Symposium SM04/SM01: Beyond Nano-Challenges and Opportunities in Drug Delivery / Materials Modulating Stem Cells and Immune Response
Annemiek Uvyn, Ghent University
Tagging the Cancer Cell Surface for Innate Immune Recognition and Destruction by Bifunctional Multivalent Antibody-Recruiting Polymers
Written by Jessalyn Hui Ying Low
Monoclonal antibody (mAb) therapies are immunotherapies commonly used in cancer treatment to kill cancer cells, but have several limitations such as high production costs and possible severe side effects. “Instead of delivering mAB, synthetic compounds that can deliver endogenous antibodies to the cancer cell surface could be a viable alternative,” says Annemiek Uvyn, where Uvyn describes in this talk how antibody-recruiting polymers could be designed for this purpose.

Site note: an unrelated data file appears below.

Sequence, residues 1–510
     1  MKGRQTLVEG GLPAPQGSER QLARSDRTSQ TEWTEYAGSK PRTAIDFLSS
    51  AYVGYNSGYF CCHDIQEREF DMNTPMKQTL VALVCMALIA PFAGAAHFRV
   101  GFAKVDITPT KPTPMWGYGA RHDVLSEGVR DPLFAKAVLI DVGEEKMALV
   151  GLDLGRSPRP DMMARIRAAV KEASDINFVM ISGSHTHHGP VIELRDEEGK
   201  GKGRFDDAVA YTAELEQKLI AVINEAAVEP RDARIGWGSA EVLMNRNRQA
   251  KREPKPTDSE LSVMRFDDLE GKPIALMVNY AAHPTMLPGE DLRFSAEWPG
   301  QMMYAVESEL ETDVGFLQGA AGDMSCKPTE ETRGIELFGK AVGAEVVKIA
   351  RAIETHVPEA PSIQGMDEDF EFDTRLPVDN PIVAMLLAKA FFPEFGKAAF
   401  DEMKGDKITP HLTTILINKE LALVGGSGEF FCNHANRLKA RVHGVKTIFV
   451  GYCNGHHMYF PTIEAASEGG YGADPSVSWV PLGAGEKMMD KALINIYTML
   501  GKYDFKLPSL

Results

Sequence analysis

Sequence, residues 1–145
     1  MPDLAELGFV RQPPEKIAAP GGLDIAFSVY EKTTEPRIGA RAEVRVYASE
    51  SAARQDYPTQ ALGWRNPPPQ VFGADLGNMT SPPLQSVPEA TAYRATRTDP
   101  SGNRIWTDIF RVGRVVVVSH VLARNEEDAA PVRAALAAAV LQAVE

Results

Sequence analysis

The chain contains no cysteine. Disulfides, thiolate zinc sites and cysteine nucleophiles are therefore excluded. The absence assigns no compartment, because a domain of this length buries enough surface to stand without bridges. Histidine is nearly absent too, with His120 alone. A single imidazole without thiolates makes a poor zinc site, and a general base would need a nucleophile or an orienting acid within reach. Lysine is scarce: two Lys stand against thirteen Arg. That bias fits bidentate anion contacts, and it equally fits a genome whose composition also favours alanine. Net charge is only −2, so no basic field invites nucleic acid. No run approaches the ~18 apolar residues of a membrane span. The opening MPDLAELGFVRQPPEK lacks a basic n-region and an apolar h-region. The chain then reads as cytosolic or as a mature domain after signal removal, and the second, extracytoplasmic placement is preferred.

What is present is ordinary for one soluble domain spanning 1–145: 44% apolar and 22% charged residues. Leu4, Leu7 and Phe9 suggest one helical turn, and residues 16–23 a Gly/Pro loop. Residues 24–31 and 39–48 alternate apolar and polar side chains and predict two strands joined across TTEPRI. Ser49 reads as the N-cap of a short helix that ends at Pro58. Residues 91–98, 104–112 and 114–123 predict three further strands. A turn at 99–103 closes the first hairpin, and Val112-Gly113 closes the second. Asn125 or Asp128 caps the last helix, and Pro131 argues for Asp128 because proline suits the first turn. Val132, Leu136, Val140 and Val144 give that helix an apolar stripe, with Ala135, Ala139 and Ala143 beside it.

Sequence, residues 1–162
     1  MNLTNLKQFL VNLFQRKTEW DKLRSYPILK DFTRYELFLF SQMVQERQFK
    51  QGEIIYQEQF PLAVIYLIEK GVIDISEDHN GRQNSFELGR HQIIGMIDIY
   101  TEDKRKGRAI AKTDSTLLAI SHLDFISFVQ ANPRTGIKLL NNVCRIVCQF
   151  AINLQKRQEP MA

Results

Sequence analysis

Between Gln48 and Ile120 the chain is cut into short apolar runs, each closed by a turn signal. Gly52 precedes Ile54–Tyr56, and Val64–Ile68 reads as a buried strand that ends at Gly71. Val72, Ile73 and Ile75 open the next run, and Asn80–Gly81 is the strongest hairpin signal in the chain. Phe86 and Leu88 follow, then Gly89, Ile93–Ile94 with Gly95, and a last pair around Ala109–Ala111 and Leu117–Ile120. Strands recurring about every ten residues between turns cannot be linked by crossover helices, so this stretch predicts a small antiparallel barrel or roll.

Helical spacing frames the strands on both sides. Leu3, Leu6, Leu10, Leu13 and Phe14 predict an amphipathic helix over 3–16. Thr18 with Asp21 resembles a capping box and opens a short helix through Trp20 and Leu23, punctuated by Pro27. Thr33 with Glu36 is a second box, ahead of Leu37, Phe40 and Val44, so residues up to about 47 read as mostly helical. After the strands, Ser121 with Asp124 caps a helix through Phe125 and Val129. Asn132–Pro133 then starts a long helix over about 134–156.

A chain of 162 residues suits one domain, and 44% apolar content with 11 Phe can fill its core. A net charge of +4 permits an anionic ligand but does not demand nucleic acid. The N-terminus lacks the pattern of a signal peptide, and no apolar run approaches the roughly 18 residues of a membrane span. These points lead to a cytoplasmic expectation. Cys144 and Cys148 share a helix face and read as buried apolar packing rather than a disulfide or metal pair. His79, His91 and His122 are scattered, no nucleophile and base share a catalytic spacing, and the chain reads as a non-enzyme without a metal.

Uvyn explains that these antibody-recruiting polymers are functionalized with two key classes of motifs—cell-binding motifs to bind to the cancer cell, as well as antibody-recruiting motifs to bind to the endogenous antibodies. Cell-binding motifs can be in the form of lipid motifs, for anchoring to the phospholipid bilayer of the cell membrane via hydrophobic interaction, or cyclooctyne motifs, for click coupling to azides introduced in the glycocalyx of cancer cells. As for antibody-recruiting motifs, haptens like dinitrophenyl (DNP) are used. It was also demonstrated that the more DNP units there are on the polymer backbone, the greater the binding avidity of antibodies.
With these antibody-recruiting polymers, it was validated successfully in vitro the ability for high avidity antibody binding and recruitment of antibodies to the cancer cells. More importantly, functional assay studies successfully showed that these lipid-polyDNP antibody-recruiting polymers could induce cancer cell killing via phagocytosis by macrophages, which was in fact achieved to a similar extent as that of cetuximab, a mAb. This highlights the potential of using these antibody-recruiting polymers for immunotherapies, to induce innate immune effector killing of cancer cells.